- an archival site on the life and world of Shunryu Suzuki and those who knew him and anything else DC feels like - originally a site for Crooked Cucumber: the Life and Zen Teaching of Shunryu Suzuki

|HOME| what was new | table of contents | Shunryu Suzuki Index | donate | DchadMisc interviews | suzuki lectures bibliography | articles/excerpts | CukeSanghaNews | Death & Dying | SFZC | Suzuki Archives Projects | CurrentEvents\EngagedBuddhism | ThankYouandOK! | links | comments | Photos | and lots more if you look around like Zen Aluminati-visiting-our-friends. And then there's the Cuke Basket.  Contact DC [persevere]|  Dharma groups in or related to Shunryu Suzuki's lineage |  a few more links at bottom |   IMPEACH 'EM BOTH NOW |  | SFZC Bookstore| How to donate to this site and the work DC does| GOALS for 2008

DC MISC.        

dc misc. index


What have we changed our minds about?

6-28-08 - Katrinka was looking through the summer issue of Tricycle and came upon the feature, The Question: From reincarnation to reading Proust, seventeen Buddhists tell us what they’ve changed their minds about, and why (p50). She said she'd look for what I sent. I forgot I'd submitted something and said I didn't know what she was talking about. But then I found it in my files and today I find it on Tricycle's site along with others who didn't make the magazine cut - like John Tarrant - Oh, that reminds me, I've got to pick him up at the airport tomorrow. Here are John's and mine. So here are what John and I submitted copied off the Tricycle site. They asked for a brief biographical sentence and to keep it to 250 words.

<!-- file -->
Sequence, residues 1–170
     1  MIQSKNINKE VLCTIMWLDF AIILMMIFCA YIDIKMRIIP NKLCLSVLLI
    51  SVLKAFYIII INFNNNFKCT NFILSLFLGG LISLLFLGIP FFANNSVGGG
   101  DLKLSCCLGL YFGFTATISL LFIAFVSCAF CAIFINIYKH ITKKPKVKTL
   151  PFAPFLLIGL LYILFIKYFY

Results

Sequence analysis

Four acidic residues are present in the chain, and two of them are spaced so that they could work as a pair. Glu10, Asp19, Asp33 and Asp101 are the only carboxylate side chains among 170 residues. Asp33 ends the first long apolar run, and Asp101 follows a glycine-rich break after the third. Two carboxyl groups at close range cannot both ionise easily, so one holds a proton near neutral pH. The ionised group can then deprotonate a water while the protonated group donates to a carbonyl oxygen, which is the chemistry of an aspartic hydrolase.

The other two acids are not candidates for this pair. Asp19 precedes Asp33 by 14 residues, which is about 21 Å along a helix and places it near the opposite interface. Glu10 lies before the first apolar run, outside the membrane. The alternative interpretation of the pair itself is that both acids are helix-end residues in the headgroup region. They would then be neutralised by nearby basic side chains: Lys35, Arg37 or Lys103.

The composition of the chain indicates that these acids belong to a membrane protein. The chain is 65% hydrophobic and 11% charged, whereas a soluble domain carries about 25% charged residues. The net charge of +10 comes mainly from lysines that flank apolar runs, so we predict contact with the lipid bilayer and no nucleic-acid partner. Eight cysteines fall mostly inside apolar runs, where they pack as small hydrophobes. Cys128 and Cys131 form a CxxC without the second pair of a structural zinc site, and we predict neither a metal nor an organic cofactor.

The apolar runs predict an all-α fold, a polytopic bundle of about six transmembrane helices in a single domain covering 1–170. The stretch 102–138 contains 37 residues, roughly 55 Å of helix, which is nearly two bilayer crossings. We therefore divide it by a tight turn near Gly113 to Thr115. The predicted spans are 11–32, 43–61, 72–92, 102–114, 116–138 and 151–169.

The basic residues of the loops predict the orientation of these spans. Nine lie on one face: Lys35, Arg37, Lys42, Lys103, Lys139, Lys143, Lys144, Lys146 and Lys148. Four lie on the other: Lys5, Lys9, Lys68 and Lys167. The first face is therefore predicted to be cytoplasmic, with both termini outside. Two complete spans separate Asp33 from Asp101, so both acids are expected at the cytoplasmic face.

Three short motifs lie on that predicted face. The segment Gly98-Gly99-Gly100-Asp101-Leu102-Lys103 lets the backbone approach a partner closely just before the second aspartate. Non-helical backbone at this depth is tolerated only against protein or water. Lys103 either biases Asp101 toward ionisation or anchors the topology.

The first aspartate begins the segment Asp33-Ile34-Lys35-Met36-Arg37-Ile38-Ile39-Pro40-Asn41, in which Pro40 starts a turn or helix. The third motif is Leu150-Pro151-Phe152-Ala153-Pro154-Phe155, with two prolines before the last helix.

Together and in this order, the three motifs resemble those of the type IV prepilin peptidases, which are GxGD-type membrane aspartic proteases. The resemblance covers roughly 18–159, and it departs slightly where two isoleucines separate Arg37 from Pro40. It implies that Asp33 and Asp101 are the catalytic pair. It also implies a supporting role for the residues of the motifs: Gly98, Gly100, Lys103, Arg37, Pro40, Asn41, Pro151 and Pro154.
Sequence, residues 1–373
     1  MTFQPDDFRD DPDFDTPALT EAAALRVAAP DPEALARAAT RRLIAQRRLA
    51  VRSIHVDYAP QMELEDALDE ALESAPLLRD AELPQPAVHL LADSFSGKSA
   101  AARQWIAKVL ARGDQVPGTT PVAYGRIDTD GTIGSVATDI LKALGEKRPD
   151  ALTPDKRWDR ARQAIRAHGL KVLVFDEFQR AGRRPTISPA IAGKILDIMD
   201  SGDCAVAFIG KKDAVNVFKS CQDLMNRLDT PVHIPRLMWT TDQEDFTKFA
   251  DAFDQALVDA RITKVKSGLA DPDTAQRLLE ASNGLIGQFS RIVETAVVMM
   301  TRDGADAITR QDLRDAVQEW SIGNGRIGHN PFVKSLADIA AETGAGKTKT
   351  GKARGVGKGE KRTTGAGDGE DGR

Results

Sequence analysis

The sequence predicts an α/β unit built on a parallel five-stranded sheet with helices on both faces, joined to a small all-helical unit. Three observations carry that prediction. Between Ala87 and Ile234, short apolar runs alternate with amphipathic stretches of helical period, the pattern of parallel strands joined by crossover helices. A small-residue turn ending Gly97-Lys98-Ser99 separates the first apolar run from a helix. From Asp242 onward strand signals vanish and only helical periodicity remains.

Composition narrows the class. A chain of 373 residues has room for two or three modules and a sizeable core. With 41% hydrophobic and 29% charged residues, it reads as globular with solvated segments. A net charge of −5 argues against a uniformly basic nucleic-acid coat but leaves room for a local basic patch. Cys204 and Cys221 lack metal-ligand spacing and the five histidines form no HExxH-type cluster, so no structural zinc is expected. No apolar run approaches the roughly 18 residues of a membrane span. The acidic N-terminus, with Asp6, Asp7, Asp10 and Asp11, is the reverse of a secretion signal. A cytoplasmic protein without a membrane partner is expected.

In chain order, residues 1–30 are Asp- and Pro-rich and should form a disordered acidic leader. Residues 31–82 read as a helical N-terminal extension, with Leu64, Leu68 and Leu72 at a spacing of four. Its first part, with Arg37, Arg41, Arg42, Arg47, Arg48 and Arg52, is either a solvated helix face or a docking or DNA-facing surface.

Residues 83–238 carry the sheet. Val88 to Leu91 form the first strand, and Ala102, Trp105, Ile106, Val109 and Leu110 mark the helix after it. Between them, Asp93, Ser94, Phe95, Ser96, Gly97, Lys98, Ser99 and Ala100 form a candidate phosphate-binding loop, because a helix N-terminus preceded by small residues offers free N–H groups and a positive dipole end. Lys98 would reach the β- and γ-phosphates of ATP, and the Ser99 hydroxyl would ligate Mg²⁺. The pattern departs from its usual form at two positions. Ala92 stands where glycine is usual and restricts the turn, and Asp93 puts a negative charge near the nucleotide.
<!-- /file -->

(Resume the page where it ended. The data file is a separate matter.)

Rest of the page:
JOHN TARRANT directs Pacific Zen Institute, which is devoted to koan Zen and the arts. He is the author of Bring me the Rhinoceros and Other Koans

I think this is a good question. The best answer I can come up with is that I don't have a mind to change. I've changed my mind about having a mind.

DAVID CHADWICK writes, “I have a website named that covers Shunryu Suzuki, those who knew him, and anything else I feel like, and which provides an extensive elaboration on this brief biographical sentence.”

The most recent thing that I've changed my mind about in Buddhism involves this email response to Tricycle’s query because when I first read about the question and Tricycle's Buddhist version, I thought, oh that would be a fun thing to answer, provocative as well. I started thinking about what my answer would be while continuing to read the email, simultaneously pondering, multitasking as it were, various past fluctuations of belief and practices, resulting from teachings, readings, epiphanies, and so forth. My thought stream contained flashes such as takes on my basic belief that belief itself is a trance to be discarded like a straight jacket, and that practices, if seen as means, are hopeless. I wondered such things as, well, what is Buddhist? Would answering this question be considered Buddhist and I thought it could be, and that was about when I read that the response should be 250 words and I’d had in mind to write something much briefer, pithy, so I decided not to answer it which was a sort of Buddhist change of mind but now that I’ve written this I realize that mind’s changed again about something in the Buddhist realm for this is exactly 250 words if you count the biographical sentence and the number 250 as one word.

| home | What's New  Contact DC [It's a little hard - persevere] | Contests | Digressions | Miscellany | table of contents | Shunryu Suzuki | LibraryofTibetanWorks&Archives | What Was New from  1999 on.